Healthcare Administrator Salary Guide
Learn about healthcare administration salary ranges, the highest- and lowest-paying states, and how to increase your salary.
The median annual healthcare administration salary, according to the Bureau of Labor Statistics, is $116,380, more than twice the median salary for all jobs in the United States.
While you can work in healthcare administration with an associate or bachelor's degree, professionals with an advanced degree, like an MSN or MBA, can earn higher wages.
Average Salary for Healthcare Administrators
While you can work in healthcare administration with various types of degrees, healthcare administration salary ranges are highest for those with more education and experience.
COVID-19 Effects on Healthcare Administration Salary and Employment
The COVID-19 pandemic highlighted the challenges facing the U.S. healthcare system and contributed to high levels of burnout among healthcare staff. While the media has focused on the struggles of clinicians, such as physicians and nurses, all healthcare staff deal with stress. The healthcare administration average salary could increase as staffing and administrative challenges become more demanding.
Featured Online Programs
Highest-Paying and Lowest-Paying States for Healthcare Administrators in 2020 by Degree
Washington, D.C. has a high demand for healthcare administrators and a very high cost of living, which creates higher average salaries for healthcare administrators. Arkansas has less demand for these professionals, and in most areas, a lower cost of living, which yields lower salary ranges.
|Degree||Highest Paying State||Lowest Paying State|
Comparing Healthcare Administrator Salaries by Role and Degree
Degree level can impact your healthcare administration salary. The chart below lists the minimum degree required for the included healthcare administration careers. An advanced healthcare degree or MBA in healthcare administration will generate a greater salary than only possessing an associate degree.
|Role||Degree (Associate/Bachelor's)||Average Salary|
|Medical Coders and Billers||Associate||$43,880|
|Health Office Managers||Bachelor's||$56,730|
For many high-level healthcare administration jobs, a master's degree or higher is required for employment consideration. In healthcare administration, you might have a clinical degree like an MSN or an M.D., a research-based degree like a Ph.D., or an administrative degree like a master of business or healthcare administration. A graduate degree and experience in healthcare can prepare you for positions in government, hospitals and health systems, healthcare management, or other healthcare providers or suppliers.
|Role||Degree (Graduate)||Average Salary|
|Regulatory Affairs Director||J.D. (law), MBA, MSN, MHA (health administration), other master's or doctoral||$145,180|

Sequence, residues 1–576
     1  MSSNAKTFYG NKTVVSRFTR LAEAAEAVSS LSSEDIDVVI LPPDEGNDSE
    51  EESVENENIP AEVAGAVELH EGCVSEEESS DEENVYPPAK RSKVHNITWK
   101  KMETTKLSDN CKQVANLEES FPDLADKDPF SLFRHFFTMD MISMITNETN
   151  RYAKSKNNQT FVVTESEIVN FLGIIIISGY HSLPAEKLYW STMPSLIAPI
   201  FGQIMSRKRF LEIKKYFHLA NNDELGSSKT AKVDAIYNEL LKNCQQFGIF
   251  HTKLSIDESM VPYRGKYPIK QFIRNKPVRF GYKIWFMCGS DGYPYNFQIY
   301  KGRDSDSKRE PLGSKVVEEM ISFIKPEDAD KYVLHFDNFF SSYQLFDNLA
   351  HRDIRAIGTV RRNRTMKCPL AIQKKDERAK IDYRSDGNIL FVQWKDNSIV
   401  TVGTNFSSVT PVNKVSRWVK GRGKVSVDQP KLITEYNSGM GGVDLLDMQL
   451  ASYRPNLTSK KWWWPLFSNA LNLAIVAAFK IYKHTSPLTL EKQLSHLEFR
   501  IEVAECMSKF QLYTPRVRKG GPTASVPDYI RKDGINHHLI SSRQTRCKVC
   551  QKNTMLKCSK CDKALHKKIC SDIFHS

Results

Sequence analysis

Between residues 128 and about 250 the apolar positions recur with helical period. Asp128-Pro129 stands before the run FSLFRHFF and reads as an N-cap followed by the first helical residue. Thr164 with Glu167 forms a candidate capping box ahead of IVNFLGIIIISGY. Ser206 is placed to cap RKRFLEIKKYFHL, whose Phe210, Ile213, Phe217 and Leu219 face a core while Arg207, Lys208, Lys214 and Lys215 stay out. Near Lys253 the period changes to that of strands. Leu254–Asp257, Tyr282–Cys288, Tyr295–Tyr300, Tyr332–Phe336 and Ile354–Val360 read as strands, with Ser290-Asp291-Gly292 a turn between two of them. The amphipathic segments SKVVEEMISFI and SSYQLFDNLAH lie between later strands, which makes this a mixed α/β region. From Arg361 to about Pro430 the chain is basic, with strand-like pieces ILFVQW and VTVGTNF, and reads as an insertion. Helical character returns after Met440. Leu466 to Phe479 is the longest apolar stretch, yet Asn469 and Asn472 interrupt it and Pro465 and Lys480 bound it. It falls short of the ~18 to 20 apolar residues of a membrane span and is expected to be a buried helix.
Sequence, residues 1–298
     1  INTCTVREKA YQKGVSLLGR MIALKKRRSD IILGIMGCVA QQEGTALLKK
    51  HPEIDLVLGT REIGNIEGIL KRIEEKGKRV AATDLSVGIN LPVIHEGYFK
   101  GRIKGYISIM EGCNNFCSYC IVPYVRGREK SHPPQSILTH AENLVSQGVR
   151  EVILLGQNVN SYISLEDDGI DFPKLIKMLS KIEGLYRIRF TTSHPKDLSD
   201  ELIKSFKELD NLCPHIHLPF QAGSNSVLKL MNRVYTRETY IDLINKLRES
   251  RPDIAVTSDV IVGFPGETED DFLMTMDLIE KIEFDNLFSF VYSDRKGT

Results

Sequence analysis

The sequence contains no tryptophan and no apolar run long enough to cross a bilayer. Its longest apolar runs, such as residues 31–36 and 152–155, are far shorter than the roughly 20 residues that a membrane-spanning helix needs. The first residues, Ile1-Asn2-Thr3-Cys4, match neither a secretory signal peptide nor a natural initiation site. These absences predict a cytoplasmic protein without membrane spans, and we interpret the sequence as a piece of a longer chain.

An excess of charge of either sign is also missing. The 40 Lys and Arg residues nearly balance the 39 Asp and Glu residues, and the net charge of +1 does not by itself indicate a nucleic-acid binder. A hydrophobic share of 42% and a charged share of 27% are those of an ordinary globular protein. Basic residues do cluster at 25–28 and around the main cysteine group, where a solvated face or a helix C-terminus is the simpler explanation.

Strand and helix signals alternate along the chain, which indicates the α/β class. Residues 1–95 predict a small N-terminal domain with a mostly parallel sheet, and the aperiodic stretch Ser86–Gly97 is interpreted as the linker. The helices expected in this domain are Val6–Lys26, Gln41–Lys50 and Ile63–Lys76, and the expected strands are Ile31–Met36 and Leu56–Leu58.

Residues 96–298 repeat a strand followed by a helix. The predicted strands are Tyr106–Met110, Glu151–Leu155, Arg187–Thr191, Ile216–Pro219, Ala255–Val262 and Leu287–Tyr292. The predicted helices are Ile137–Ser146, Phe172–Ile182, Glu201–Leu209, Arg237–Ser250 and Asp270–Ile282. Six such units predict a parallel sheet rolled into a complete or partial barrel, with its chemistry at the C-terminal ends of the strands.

|Hospital CEO||MBA, Ph.D., M.D., MSN, MHA, DNP||$155,900|
|Clinical Informatics Manager||MBA, MEng (engineering), MHA, MSN||$95,750|
|Nursing Home Administrator||MSN, DNP, MBA, MHA||$92,580|
|Healthcare Consultant||MBA, MSN, MHA||$79,000|
|Clinical Director||M.D., MSN, MHA, DNP||$79,190|
Ways to Increase Pay as a Healthcare Administrator
As a nurse or nursing administrator, you can increase your salary by taking on additional responsibility or pursuing certain credentials, such as certification or a graduate degree. You can also pursue higher-paying specialties or look for jobs in locations offering greater salaries with a lower cost of living.
The more you prove your value to your organization, the stronger your negotiating power for increasing your salary.
Frequently Asked Questions: Healthcare Administrator Salaries
What does a healthcare administrator do daily?
Depending on the setting and job level, a healthcare administrator may help plan or execute strategy, manage functions and operations, plan and manage budgets, address staffing needs and issues, and evaluate and improve organizational performance. Qualified professionals should demonstrate organizational and collaborative skills, exercise foresight, and be able to analyze and act upon continuously changing information.
Can a healthcare administrator become a nurse?
While it is more common for nurses to become healthcare administrators after having gained experience in a hospital or healthcare system, you can also move from healthcare administration to nursing. You need a minimum of an ADN (many jobs prefer or require a BSN) and must pass the NCLEX-RN examination. Some of your previous education experience may apply to your nursing degree.
How much do entry-level healthcare administrators make?
A healthcare administration entry-level salary varies based on your degree and any other related experience. Healthcare administrators with less than one year of experience earn an average annual salary of $58,320, according to PayScale. However, if you have a master's degree or clinical experience, you can expect to earn more.
What is the difference between nursing administration and healthcare administration?
Nursing administration is a narrower field, responsible for the nursing team's performance in a hospital or other healthcare setting. Most nurse administrators are licensed nurses. Healthcare administration includes all aspects of healthcare, including technology, legal, staffing, office functions, and regulatory compliance. Administrators come from a variety of backgrounds, including nursing.
Learn More About Healthcare Administration
NurseJournal.org is an advertising-supported site. Featured or trusted partner programs and all school search, finder, or match results are for schools that compensate us. This compensation does not influence our school rankings, resource guides, or other editorially-independent information published on this site.
Are you ready to earn your online nursing degree?
Resources and articles written by professionals and other nurses like you.